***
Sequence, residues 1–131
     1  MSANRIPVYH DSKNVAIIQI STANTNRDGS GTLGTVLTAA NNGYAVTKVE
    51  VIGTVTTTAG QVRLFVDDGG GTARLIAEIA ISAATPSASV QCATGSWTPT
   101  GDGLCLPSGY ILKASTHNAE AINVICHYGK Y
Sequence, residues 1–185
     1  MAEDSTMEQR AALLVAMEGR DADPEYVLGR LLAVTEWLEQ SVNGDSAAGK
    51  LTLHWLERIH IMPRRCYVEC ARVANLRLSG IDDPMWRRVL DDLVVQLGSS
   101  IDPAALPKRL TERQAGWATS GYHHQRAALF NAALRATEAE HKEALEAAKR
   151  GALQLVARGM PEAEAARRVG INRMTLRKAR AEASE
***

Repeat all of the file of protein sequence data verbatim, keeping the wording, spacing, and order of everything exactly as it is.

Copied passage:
Sequence, residues 1–131
     1  MSANRIPVYH DSKNVAIIQI STANTNRDGS GTLGTVLTAA NNGYAVTKVE
    51  VIGTVTTTAG QVRLFVDDGG GTARLIAEIA ISAATPSASV QCATGSWTPT
   101  GDGLCLPSGY ILKASTHNAE AINVICHYGK Y
Sequence, residues 1–185
     1  MAEDSTMEQR AALLVAMEGR DADPEYVLGR LLAVTEWLEQ SVNGDSAAGK
    51  LTLHWLERIH IMPRRCYVEC ARVANLRLSG IDDPMWRRVL DDLVVQLGSS
   101  IDPAALPKRL TERQAGWATS GYHHQRAALF NAALRATEAE HKEALEAAKR
   151  GALQLVARGM PEAEAARRVG INRMTLRKAR AEASE